DETROIT (6/27/14)--In a story about the contradictions of millennials' financial habits, the Detroit Free Press drew upon the expertise of Ebeth Fielder, the "spokester" for Young & Free Michigan.
Fielder told the paper's personal finance columnist, Susan Tompor, that she thinks young consumers can save money--if they re-evaluate their spending habits.
As a spokester for Lathrup Village-based Michigan First CU's program, Fielder said one of her goals is to help young adults map a route through their finances. One trick she uses to control her urge to shop is to compare how many hours she'd have to work to pay for clothing or shoes.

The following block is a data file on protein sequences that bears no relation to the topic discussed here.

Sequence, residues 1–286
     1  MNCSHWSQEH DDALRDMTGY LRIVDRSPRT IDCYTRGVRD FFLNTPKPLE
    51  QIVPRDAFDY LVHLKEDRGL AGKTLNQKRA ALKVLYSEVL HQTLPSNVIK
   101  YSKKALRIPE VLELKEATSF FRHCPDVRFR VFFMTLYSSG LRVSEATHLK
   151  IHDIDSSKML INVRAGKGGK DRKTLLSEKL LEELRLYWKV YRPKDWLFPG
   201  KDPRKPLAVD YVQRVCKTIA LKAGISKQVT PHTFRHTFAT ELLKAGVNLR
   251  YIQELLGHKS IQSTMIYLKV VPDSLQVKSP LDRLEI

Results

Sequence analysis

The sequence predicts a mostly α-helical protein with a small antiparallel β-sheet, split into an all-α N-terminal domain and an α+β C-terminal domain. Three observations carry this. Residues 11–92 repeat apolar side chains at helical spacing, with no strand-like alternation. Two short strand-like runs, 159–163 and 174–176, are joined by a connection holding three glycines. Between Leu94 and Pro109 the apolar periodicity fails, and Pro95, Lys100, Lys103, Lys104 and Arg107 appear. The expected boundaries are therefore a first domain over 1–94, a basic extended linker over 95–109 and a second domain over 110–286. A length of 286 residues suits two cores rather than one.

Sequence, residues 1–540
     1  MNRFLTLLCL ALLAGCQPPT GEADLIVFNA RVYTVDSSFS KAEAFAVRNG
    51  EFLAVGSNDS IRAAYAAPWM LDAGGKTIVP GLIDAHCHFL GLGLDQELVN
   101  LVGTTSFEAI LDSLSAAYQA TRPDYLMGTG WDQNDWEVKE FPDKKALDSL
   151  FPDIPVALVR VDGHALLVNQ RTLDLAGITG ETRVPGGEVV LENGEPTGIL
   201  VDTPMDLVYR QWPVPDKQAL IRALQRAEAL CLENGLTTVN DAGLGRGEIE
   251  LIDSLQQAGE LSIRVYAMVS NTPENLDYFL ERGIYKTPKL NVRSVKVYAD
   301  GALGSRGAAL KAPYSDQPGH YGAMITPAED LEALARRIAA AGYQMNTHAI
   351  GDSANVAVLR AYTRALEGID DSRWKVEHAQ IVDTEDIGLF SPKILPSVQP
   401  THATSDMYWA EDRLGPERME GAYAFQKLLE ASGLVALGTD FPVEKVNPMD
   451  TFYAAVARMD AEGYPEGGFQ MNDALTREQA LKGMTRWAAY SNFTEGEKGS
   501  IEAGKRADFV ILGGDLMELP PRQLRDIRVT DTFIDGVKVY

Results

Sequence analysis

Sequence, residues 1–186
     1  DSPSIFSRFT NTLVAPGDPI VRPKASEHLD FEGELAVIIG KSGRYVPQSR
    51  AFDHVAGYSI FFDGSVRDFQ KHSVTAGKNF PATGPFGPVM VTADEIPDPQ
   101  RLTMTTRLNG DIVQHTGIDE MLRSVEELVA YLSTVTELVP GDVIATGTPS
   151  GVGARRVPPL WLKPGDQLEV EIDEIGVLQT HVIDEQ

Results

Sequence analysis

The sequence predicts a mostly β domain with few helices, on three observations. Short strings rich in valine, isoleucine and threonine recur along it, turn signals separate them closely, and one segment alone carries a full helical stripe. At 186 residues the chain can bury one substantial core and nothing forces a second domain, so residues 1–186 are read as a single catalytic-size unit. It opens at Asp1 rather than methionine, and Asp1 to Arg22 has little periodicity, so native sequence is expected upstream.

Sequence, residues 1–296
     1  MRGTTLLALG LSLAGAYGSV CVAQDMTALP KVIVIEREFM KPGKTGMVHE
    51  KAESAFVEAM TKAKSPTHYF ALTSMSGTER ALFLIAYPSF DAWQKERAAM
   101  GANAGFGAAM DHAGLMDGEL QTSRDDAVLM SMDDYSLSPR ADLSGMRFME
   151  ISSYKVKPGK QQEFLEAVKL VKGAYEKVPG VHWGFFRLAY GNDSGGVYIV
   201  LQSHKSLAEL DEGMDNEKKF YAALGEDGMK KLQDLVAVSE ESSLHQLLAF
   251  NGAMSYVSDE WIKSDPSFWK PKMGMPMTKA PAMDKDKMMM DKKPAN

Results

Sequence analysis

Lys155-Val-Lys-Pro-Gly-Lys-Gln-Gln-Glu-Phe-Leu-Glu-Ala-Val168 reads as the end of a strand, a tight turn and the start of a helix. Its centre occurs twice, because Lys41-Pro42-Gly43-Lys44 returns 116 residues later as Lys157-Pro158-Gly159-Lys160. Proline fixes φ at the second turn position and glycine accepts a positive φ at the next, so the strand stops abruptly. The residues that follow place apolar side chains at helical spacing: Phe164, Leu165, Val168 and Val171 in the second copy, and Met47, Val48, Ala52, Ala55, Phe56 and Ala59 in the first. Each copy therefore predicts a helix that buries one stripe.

Take the example of a "bargain" pair of shoes. At 50% off, those $40 shoes may seem like a deal.
But, Fielder advised, you might stop and consider how much your daily wage is. "If you're earning $10 an hour, you could ask if the shoes are really worth four hours of my time--or half of a regular work day?" she said.
The article also noted that depending on the survey, "millennials either are 'super savers' with an eye on retirement or so dogged by debt that they don't know which way to turn."